h = (p2 - p1) / ((ρ * g)

p2 = hydrostatic pressure [bar]

p1= pressure of the enclosed gas in the vessel [bar]

ρ = specific gravity of the fluid [kg/m³]

g = gravitational force or gravitational acceleration [m/s²]

h = height of the liquid column [m] = level


Have a look at our blog article
"Hydrostatic level measurement in closed geometries – calculation of the filling height"


How to properly ground level sensors?

Hydrostatic level sensors are always in direct contact to the media, media which are often aqueous and electrically conductive. Due to improper or missing grounding or a faulty potential equalisation, electro-chemical corrosion and ultimately a premature failure of the level sensor may occur.

Most hydrostatic level sensors, especially level probes, feature a cable connection with an integrated braid for grounding, potential equalisation and EMC protection. The potential equalisation is the most important part of the grounding concept for level sensors. The hydrostatic level sensors should be on the same electric potential as the tank and surrounding media and should be protected against any interfering currents caused by surrounding equipment such as pumps and drives.

Have a look at our blog articles
"Grounding of hydrostatic level sensors"
"Grounding of hydrostatic level sensors prevents corrosion"


How to prevent moisture entering the level probe / submersible pressure transmitter?

Level probes / submersible pressure transmitters are, due to their characteristic applications, always surrounded by liquid and high ambient moisture in the field. Therefore measures have to be taken to prevent any moisture from entering through the cable itself or through the cable connection into the pressure sensor.

As level probes are completely surrounded by media, it has to be ensured that a product is chosen which is specifically designed for this application. It must feature materials guaranteeing a high chemical resistance against the medium that is to be measured. Also it has to be ensured that the submersible pressure transmitter is able to withstand the high pressure load of the surrounding media in up to a few hundred metres depth.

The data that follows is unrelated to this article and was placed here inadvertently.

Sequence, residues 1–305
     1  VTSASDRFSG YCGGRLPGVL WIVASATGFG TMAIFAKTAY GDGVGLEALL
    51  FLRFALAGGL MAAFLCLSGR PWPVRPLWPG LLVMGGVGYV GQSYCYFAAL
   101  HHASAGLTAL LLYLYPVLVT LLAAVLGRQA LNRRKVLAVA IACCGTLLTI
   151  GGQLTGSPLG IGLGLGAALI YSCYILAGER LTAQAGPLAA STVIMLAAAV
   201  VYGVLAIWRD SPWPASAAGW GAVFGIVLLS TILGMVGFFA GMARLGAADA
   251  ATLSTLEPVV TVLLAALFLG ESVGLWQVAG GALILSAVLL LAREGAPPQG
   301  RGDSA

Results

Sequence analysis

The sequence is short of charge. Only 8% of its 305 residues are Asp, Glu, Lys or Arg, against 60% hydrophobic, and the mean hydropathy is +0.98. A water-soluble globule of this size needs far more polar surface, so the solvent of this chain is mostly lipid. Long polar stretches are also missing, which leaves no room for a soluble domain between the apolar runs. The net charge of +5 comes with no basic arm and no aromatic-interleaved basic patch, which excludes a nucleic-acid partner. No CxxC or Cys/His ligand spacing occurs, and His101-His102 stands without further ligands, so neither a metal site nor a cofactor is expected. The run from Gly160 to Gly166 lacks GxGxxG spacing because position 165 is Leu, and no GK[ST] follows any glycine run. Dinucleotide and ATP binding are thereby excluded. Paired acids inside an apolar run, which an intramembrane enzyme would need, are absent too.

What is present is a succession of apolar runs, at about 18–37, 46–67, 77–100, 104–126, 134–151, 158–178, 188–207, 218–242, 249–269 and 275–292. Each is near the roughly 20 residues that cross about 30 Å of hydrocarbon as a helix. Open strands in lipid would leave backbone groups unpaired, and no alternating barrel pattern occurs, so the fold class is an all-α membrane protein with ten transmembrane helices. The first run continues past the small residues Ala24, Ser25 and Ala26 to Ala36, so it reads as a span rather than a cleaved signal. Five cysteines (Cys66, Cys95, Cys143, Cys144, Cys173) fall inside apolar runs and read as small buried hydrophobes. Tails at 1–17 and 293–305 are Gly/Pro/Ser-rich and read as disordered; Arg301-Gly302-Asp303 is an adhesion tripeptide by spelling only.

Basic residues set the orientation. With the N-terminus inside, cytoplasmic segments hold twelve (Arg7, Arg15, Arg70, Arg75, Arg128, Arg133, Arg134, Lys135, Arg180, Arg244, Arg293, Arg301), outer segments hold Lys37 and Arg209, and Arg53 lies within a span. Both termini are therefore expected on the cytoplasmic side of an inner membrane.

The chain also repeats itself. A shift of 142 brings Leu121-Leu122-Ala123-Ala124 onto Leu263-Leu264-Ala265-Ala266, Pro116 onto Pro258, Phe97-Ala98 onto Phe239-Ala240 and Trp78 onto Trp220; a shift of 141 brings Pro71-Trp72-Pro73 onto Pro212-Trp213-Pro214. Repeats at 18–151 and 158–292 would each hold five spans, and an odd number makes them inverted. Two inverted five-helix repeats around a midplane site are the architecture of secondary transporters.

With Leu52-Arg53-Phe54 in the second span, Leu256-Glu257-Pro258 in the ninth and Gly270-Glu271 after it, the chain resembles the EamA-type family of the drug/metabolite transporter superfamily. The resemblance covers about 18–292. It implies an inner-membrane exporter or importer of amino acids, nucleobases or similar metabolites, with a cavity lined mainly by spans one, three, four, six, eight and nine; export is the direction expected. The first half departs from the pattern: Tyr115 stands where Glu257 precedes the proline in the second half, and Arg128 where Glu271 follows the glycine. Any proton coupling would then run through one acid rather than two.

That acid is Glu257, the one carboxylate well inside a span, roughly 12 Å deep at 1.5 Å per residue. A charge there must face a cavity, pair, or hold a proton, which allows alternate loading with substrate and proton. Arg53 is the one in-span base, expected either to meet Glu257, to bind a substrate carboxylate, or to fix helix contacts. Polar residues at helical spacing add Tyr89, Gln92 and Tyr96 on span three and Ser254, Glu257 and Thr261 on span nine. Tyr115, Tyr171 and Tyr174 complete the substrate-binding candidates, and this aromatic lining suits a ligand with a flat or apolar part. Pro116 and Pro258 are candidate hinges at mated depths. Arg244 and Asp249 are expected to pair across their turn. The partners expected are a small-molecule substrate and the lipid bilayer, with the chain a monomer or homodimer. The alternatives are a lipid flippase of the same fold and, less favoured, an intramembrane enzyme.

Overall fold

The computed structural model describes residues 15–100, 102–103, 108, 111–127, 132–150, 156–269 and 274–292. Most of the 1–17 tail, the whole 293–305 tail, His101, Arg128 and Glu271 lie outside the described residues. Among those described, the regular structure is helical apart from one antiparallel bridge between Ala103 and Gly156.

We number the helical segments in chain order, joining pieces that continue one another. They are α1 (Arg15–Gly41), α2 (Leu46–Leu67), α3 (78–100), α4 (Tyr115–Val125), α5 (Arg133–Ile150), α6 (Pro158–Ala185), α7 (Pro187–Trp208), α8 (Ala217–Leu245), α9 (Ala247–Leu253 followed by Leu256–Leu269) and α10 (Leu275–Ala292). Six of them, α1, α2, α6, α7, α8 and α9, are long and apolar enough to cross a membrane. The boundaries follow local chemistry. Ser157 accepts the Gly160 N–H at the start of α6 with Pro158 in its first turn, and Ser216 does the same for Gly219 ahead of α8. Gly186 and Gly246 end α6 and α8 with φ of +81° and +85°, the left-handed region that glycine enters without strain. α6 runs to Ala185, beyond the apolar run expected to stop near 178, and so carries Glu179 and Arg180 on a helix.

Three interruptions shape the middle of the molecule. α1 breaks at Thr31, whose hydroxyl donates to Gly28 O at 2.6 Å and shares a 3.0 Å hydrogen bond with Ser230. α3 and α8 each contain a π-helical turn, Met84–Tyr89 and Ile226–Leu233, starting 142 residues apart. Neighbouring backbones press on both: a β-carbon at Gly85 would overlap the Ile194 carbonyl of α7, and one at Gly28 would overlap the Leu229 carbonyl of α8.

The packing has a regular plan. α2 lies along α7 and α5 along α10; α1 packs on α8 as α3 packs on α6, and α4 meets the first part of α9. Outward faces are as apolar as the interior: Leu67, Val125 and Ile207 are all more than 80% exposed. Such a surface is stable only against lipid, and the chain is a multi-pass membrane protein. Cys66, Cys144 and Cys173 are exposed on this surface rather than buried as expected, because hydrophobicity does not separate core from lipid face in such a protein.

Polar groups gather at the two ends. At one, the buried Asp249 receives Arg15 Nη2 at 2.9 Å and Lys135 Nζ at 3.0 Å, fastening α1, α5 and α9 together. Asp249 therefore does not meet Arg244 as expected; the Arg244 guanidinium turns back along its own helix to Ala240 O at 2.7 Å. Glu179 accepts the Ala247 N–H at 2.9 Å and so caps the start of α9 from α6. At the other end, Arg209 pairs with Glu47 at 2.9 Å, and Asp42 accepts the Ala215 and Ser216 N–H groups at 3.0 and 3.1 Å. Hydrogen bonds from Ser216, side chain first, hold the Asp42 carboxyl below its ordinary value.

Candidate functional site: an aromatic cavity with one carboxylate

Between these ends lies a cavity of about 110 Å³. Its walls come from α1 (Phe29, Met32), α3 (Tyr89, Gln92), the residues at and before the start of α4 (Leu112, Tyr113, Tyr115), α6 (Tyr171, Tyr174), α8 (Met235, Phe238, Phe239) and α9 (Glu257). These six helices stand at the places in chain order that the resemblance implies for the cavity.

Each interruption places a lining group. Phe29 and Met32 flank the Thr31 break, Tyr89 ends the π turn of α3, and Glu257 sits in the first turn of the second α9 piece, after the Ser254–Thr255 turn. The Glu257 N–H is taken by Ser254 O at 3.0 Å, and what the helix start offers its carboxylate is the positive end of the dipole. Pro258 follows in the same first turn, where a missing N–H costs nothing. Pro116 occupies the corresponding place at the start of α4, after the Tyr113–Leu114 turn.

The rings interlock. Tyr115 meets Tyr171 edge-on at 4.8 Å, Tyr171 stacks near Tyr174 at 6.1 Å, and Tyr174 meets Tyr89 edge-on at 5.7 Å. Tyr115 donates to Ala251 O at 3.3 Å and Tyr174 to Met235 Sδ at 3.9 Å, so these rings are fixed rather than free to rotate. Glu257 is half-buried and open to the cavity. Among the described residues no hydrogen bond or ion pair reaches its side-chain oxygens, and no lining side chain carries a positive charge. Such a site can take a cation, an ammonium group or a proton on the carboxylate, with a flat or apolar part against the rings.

Have a look at our blog article "Selection criteria for the prevention of moisture-related failures of level probes"

Level probes always feature a cable outlet which has to be routed and connected properly to a control system or PLC. As the cable is also used to compensate for the ambient pressure, it features a ventilation tube which transports ambient pressure from the cable outlet into the pressure sensor. Therefore, the cable connection has to be connected in a moisture-free cable connection box or control cabinet, so no moisture can enter the ventilation all the way down into the electronics of the pressure sensor.

Have a look at our blog article "How to prevent the ingress of moisture through the cable of level probes?"


How to clean a pressure sensor's diaphragm?

Hydrostatic pressure sensors are often used in highly contaminated wastewater. These applications may require maintenance of the pressure sensors from time to time, to clean them of any buildup, sludge, fibres and other typical contaminations caused by the media.

As pressure sensor diaphragms are extremely thin with a thickness of only a few micrometres, a mechanical cleaning may damage the diaphragm and reduce the accuracy and stability of the pressure measurement or even destroy the sensor. Refrain from using any sharp tools, such as screwdrivers or pens in order to avoid damage to the sensor. Pressure sensor diaphragms should be cleaned very carefully by using a soft cloth, rinsing with water or blow-cleaning with pressurised-air.

Have a look at our blog article "Cleaning of submersible pressure transmitters or level probes"


Products

WIKA offers a comprehensive range of level measuring instruments. Have a look at our comparison overviews.